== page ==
Yeah, that was the subject line I found in my Full Sail account this morning. I was scared and decided to not read the message until I got a few things done… Turned out that the writer for Full Sail Online is working on an article designed to “encourage people to keep an engaging daily blog.” She heard about my blog from my boss’ girlfriend and was looking for tips. Wow, from panic to being flattered. So I wrote back the following response:
Greetings. First off, I’m guessing that you don’t know how scary it is to get an email on the corporate account with the subject line: “About your blog…” Yikes. I’m so happy to help out in any way that I can (and not be in trouble!). My first thought is something the rock-star Sting said about how he believed that one has to write everyday if one expects to write well. That is, that one shouldn’t expect to write…
a great song or poem or anything if one doesn’t take the time to do it every day. That’s a bit old school, but it’s true that we need to do the things that are important to us daily. The other thing, that is so true today and wasn’t back when I started writing, is that blogging isn’t just about writing but also about sharing pictures, ideas or even the line of a great song. It’s about finding something that makes you stop and think and then sharing that with someone else. A lot of the stuff that I blog about often comes from podcasts I listen to or something that I found on the web. I’ll post the original video and just add my two-cent reflection.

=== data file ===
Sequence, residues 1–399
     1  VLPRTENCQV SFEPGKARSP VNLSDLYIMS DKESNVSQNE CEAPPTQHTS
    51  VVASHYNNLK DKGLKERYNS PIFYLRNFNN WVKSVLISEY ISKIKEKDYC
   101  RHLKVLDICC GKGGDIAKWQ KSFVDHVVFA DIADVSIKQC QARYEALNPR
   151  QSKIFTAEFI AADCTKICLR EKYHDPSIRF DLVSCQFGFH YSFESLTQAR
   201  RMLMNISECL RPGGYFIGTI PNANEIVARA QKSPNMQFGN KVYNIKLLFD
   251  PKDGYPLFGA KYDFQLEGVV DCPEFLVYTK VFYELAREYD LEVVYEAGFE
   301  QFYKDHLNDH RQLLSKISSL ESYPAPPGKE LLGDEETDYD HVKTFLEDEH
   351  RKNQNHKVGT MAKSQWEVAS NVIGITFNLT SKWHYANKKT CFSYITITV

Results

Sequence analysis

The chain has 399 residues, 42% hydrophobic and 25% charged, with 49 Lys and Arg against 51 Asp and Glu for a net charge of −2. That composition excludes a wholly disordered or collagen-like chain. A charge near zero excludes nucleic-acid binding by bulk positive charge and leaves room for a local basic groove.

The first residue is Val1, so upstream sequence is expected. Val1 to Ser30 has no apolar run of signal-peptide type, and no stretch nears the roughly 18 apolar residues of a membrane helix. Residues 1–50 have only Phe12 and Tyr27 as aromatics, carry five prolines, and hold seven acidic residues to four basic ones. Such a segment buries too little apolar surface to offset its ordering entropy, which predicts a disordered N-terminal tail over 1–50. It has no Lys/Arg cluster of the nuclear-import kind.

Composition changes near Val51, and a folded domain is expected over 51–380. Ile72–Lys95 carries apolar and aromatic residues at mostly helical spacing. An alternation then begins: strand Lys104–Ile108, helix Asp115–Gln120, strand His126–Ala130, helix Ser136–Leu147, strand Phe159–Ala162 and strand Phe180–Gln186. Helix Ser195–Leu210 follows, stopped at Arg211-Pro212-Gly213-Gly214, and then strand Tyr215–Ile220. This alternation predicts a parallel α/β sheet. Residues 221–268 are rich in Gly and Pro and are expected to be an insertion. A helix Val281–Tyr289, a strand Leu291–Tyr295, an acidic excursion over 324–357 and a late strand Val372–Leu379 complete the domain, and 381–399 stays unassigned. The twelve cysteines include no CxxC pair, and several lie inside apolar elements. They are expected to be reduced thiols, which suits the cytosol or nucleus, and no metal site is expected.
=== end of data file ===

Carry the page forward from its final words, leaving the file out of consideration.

Blogging is a big part of the course I’m teaching here at Full Sail (Media Asset Creation). And the funny thing is that, because most grad students are a bit grade-focused, they usually have a hard time with the idea that I just want them to use their blog to think out loud about their experiences in my course and experiences at Full Sail in general. Ironically, now that they probably have the language skills to express themselves and have the experience of the world to have something meaningful to say, they generally don’t want to say something “stupid” or “wrong.” Whereas when they were nine you probably couldn’t get them to shut up about the moths that their little brother thought were weird looking butterflies, for example. And teenagers, I worked with middle school kids before coming here and I still get messages from them on my MySpace where they can’t be bothered to put anything in the subject line and the whole post is “s’up.” Anyway, I’m hopeful that over the course of the short month I have my students I’ll get something more expressive than “s’up” and less rambling than stories about weekends working with dad in the backyard. Oh yeah, it does help to encourage them to look for a graphic to include with their post… that sometimes inspires the ones of few words and breaks the concentration of those too in love with the flow of their own rambling thoughts. Works for me… usually. I hope that this helps Ashley. Just let me know if you need anything else.